All businesses want to succeed. But success is such a broad subject and can depend on several factors. Narrowing down specific and detailed key performance indicators is a fantastic way to verify you are meeting your strategic business goals.
KPIs or key performance indicators are numbers that determine whether you are attaining your objectives or not. You can think of them as milestones that are part of the overarching goal. KPIs provide actual data points encompassing everything from tracking invoice disputes to the overall company’s performance.
This article will take you through understanding KPIs, the different types you can employ within your organization, as well as the steps to implement them. In the end, you will be well-equipped to create your own KPIs and share these metrics with your stakeholders.
Importance of KPIs
Key Performance Indicators are vital in gauging a business’s successes and failures. KPIs are easily confused with goals; however, they measure goals and targets. If an organization has a sales goal for the month, KPIs will reveal how close you are to attaining this goal.
When a business creates tools to measure its goals, it is easier to adjust to stay on track. For example, use leading indicators to predict and forecast future events. Ensure these indicators are both measurable and adjustable, as this is critical if you need to modify your original plan.
When you evaluate your KPIs repeatedly, you will see patterns and areas for improvement. Managers may not have set achievable goals if goals are not met month after month. KPIs encourage accountability for employees and the business. If a salesperson repeatedly isn’t meeting their quota, the stats will show this information.
Types of KPIs
Measuring the organization’s progress over time can be accomplished with indicators like gross profit, revenue, and the number of employees. Setting these KPIs at the beginning of the year or accounting period and referencing them routinely is essential.
Here are a few common categories to target different areas of your organization.
- Operational – Indicators like equipment utilization and productivity, labor costs, turnover rate, and scheduling are operational indicators and these measure efficiency and span over a shorter time than many other KPIs.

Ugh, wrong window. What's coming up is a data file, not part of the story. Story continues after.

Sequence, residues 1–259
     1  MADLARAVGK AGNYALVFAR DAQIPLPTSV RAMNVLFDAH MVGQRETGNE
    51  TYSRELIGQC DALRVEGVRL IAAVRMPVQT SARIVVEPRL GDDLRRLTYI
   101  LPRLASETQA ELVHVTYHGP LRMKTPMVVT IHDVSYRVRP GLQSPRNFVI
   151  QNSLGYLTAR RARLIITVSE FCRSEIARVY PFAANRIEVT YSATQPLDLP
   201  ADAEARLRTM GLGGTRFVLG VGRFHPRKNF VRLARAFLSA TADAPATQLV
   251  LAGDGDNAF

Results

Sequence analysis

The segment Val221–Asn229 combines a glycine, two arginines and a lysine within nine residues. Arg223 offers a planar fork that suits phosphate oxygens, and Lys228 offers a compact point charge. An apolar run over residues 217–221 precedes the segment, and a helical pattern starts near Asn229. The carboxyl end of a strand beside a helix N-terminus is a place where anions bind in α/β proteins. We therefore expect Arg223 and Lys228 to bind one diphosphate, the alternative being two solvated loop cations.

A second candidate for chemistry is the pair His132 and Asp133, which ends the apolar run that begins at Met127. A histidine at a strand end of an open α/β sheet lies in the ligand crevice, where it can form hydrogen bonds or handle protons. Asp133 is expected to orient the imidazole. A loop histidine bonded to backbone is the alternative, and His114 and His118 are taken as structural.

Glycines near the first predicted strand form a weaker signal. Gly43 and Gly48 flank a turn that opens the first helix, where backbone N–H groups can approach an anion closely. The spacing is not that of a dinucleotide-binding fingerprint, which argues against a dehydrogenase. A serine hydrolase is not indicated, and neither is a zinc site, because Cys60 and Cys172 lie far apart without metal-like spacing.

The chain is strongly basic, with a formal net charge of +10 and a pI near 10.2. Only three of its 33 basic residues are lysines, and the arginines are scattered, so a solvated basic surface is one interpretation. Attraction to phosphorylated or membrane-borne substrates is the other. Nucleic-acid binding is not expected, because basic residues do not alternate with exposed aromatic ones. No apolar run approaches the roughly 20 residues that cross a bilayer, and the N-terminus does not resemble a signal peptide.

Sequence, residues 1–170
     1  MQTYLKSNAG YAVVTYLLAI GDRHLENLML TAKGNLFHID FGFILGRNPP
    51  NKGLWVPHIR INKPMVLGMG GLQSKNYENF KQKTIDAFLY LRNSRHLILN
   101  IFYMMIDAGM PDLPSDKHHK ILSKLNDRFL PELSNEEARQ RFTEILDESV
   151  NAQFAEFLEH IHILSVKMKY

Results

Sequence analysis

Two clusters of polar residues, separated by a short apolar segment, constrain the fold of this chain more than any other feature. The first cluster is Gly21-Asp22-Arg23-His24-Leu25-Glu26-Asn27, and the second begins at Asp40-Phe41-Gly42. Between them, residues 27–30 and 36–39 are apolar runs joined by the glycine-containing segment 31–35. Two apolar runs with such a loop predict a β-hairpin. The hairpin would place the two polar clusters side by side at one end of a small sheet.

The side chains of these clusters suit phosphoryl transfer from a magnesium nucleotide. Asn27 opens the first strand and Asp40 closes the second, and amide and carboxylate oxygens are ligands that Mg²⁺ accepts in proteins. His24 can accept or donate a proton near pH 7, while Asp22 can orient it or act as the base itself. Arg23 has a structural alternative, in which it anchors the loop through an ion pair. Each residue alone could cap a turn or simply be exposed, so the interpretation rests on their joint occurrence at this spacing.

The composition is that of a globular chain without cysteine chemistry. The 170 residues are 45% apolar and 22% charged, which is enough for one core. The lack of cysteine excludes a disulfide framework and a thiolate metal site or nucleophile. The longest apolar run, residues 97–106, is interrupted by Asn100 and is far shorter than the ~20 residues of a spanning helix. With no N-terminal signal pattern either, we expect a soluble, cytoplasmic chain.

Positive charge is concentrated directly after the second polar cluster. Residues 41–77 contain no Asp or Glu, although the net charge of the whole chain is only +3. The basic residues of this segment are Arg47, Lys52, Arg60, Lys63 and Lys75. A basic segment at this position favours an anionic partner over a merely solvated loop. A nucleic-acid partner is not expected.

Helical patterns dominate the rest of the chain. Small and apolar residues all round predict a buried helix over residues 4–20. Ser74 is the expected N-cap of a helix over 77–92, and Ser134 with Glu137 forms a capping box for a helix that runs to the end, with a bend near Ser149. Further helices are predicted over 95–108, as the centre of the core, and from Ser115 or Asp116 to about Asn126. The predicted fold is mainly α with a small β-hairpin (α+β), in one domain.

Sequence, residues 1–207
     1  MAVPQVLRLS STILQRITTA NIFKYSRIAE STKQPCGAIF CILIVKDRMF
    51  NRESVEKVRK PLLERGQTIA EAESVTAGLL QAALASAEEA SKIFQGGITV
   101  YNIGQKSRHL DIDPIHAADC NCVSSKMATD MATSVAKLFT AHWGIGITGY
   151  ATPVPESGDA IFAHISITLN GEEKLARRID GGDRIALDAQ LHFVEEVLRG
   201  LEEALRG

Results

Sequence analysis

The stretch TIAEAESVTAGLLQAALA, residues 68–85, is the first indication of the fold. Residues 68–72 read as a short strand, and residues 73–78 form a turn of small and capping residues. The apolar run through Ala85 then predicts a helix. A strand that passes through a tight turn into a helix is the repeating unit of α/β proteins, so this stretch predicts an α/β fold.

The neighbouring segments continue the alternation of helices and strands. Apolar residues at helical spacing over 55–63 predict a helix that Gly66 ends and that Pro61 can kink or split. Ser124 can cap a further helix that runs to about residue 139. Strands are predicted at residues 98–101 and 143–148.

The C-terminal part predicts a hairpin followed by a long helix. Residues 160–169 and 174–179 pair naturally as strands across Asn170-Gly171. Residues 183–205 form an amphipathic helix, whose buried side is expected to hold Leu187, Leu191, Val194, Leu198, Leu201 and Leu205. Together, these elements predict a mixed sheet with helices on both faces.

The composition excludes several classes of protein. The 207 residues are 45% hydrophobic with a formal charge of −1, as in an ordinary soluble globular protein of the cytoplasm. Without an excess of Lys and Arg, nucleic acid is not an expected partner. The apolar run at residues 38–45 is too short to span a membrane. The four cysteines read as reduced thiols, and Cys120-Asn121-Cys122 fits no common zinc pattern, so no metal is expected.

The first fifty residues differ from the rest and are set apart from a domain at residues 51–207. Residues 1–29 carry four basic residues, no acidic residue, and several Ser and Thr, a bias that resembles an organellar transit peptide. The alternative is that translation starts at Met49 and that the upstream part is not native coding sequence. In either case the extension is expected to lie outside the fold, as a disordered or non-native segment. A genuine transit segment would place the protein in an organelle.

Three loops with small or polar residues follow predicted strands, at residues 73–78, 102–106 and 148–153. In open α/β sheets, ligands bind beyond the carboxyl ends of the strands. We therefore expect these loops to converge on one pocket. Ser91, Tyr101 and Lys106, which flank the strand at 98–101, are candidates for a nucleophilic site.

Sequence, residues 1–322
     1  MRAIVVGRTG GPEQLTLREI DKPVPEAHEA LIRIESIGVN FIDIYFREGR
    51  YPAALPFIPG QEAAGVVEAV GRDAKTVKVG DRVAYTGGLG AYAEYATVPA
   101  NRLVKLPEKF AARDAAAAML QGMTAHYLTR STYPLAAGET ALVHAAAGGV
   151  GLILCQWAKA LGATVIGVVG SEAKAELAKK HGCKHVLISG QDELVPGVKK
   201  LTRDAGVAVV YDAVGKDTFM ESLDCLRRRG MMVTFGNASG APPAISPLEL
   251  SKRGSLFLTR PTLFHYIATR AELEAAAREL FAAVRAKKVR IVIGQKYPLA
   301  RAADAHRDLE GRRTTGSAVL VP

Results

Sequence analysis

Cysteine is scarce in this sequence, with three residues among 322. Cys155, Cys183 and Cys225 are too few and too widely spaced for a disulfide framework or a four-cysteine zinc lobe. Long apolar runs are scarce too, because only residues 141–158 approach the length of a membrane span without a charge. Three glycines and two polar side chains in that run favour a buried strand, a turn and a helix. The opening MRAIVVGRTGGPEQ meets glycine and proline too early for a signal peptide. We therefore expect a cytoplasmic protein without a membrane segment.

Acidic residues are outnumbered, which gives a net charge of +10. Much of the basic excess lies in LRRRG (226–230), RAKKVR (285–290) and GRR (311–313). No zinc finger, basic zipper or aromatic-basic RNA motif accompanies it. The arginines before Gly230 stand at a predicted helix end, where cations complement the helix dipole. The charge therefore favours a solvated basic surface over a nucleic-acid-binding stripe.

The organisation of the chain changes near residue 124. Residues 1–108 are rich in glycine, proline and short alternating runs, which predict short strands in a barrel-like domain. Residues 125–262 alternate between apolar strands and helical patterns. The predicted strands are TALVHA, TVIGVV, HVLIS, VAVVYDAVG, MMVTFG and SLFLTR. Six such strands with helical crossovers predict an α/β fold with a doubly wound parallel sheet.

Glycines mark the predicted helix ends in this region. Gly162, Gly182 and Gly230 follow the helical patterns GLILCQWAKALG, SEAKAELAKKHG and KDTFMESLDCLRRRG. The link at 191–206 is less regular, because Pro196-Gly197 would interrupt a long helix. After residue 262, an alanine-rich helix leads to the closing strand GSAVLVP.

- Customer – Customer indicators convey your business’s relationship with the individuals who use your products or services. Creating tools like customer surveys and satisfaction scores is valuable for isolating customer retention, net promoter score, and customer churn rate indicators.
- Financial – There are hundreds of potential financial metrics you can use in your business, so it is imperative to choose the most impactful indicators as these determine your organization’s financial strength. Numbers such as gross profit, sales revenue, operating cash flow, and working capital are just a few examples to measure how a business uses its resources and creates profit.
- Strategic – Strategic indicators are more big-picture and long-term measurements. Company executives can monitor overall organization progress with just one or two strategic indicators such as overall revenue and sales.
- Marketing – Organic traffic, conversion rates, lead sourcing, e-books, blog articles, and newsletters are among the most common marketing indicators. These metrics show how well a particular web page or campaign is performing. Creating marketing KPIs to optimize for better performance and results continually is vital.
KPIs can target different departments depending on what area you want to change or grow.
Steps to Create KPIs
1. Determine Objectives
Since industries and business positionings will vary, establishing your objectives for your organization is the first step in creating KPIs. If the goal is to increase sales, the KPI objective could be to get more leads around sales/marketing initiatives that would support this goal. Establishing a purpose will help individuals collect the data to understand their context better.
2. Establish Success
If getting more leads is your objective, now you must establish a process to bring more potential customers to the top of the sales funnel. Criteria such as monitoring sales calls, scheduled meetings, or releasing a new campaign will institute a process while observing performance and success.
3. Collect Data
Develop precise and quantitative metric points that you and your team members can easily reference. After determining you want to measure and monitor the number of new sales meetings, it is imperative to reveal these results with the individual salespeople. This visibility will introduce a sense of personal ownership to improve their results.
To efficiently communicate the analytics of your KPIs, you’ll need to translate the data into concise reports. Share this information with management and other team members to stimulate collaboration to brainstorm new strategies.
KPIs are more than numbers you report out weekly or monthly; they reveal whether or not your business is successfully moving towards its goals. This data enables everyone on the team to understand the performance and health of your business so that you can make critical decisions to achieve your business goals.
Business objectives must be well-communicated across an organization. When people know and are responsible for their own KPIs, it ensures that their overarching goals are top of mind. More importantly, every part of the work is assigned intentionally and suitably.
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